After several years of strategic planning and ambitious fundraising, UCAN debuted our new $26 million Therapeutic Youth Home for Department of Children and Family Services youth on Thursday, Aug. 6 at 10:30 a.m. with a ribbon cutting ceremony on UCAN’s new Drost Harding Campus. The facility, located at 3640 W. Fillmore St., is an integral part of UCAN’s commitment to serving DCFS youth and to becoming a greater community-based asset by offering youth programs and violence prevention initiatives.
Guests toured the spacious three-story facility that comprises Phase 1 of the two-phase project on the seven-acre campus. Youth will move from UCAN’s Residential facility on the northwest side into the new facility in late August. Phase II of the project has started for the John D. and Alexandra C. Nichols Program Center. Once completed in spring 2016, the entire campus will accommodate more than 250 UCAN employees.
The new Therapeutic Youth Home is one of the largest capital projects in North Lawndale in recent memory and can accommodate up to 70 youth. It provides a safe, structured living arrangement for youth who have suffered trauma and neglect, and was designed to prepare youth to transition and live successfully in a less structured, more home-like setting through individualized treatment.
Our Ribbon Cutting Ceremony featured UCAN CEO Tom VandenBerk; George Sheldon, acting director of the Illinois Department of Children and Family Services; Ald. Michael Scott Jr. (24th); George Drost, UCAN Life Trustee; and Sylvia Davis, UCAN alumna; among other speakers.
To meet the current and future needs of at-risk youth and youth in care, the 51,000-square foot Therapeutic Youth Home features: kitchen and group therapy rooms on every living unit; single bedrooms and bathrooms; a computer lab; spacious game room, weight room and media room; enhanced art therapy space; multi-use gymnasium; green space for outdoor recreation; fenced and secured campus grounds to help ensure privacy; healing and organic gardens to promote peace and tranquility; and improved lighting.
The Drost Harding Campus, named after prominent Chicago-area families who generously supported the project, is being constructed in two phases. The second phase features the new John D. and Alexandra C. Nichols Program Center that is under construction and scheduled to open next spring. The community-based campus will enable UCAN to provide expanded outreach services focusing on youth leadership, violence interruption/prevention, clinical and counseling services, mentoring, case management, family support services and workforce development. Youth will be tracked via the Peace Hub, a collaborative violence prevention initiative led by UCAN that was launched by a five-year, $1 million commitment from the Boeing Corporation.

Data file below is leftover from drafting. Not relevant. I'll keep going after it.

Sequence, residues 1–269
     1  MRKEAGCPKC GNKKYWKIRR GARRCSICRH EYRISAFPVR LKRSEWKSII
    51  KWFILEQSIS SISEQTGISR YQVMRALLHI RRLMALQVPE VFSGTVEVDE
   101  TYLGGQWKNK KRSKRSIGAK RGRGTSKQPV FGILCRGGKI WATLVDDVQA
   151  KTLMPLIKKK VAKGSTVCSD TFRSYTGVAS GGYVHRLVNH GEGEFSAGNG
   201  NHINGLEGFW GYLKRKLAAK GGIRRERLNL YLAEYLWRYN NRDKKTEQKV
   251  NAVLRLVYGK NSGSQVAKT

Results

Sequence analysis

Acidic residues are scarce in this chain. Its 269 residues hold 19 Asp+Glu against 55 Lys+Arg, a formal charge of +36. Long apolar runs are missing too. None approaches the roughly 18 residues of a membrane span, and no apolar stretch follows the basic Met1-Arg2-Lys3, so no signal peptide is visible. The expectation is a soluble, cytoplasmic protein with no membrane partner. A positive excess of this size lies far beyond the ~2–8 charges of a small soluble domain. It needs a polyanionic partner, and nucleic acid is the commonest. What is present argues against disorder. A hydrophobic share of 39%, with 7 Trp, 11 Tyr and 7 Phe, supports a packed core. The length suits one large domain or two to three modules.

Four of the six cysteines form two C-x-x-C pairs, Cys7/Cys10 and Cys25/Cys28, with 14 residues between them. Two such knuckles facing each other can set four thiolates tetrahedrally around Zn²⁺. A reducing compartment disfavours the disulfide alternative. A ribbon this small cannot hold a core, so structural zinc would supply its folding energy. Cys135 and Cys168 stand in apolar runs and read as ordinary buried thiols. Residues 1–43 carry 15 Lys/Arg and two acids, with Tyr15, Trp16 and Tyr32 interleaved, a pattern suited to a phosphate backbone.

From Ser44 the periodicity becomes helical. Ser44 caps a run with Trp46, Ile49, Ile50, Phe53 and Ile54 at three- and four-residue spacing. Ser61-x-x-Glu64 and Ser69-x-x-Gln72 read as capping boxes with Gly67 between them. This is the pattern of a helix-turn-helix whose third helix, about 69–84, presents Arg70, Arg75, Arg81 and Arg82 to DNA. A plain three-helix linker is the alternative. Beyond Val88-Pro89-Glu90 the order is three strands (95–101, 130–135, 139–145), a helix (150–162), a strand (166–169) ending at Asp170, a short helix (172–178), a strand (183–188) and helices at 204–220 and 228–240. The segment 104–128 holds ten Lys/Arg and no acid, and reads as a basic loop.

Guests representing the city of Chicago, Cook County, foundations, nonprofits, elected officials, UCAN benefactors and staff, and North Lawndale residents and business owners will take a self-guided tour of the building, and be greeted by UCAN youth who will reside in the facility.
“This much-awaited ribbon cutting event is the culmination of years of commitment by many dedicated people who had a very forward-looking vision for our youth. Our supporters and partners are to be congratulated for their financial commitments, resourcefulness, creativity and old-fashioned hard work. We couldn’t be prouder of this beautiful facility that will serve as both an oasis and launching pad for our youth,” said UCAN Governing Board Chairman Rick Fleming.
UCAN CEO Tom Vanden Berk added: “Our boards foresaw that UCAN’s current Residential facility had outlived its usefulness and was quickly becoming obsolete. We all knew that our youth deserved and needed a better environment to become our future leaders. I am incredibly thankful to our boards, UCAN staff, our generous funders and the project team that turned our vision into a reality. UCAN now is well positioned for many years to come to build strong youth and families through compassionate healing, education and empowerment.”
UCAN President and COO Zack Schrantz said the $39 million organization’s strategic move to North Lawndale complements various youth-oriented programs and programs that UCAN managed in the community before campus construction began.
“Whether it has been our management of the Safe Passages program in North Lawndale in partnership with Chicago Public Schools or our impactful 360 Violence Prevention programs in area schools, we know that our ever-expanding relationships in this community will continue to be a win-win proposition for everyone involved,” said Schrantz. “We have been an active and visible partner in the community and plan to expand that role after we move into our new headquarters on the campus next year.”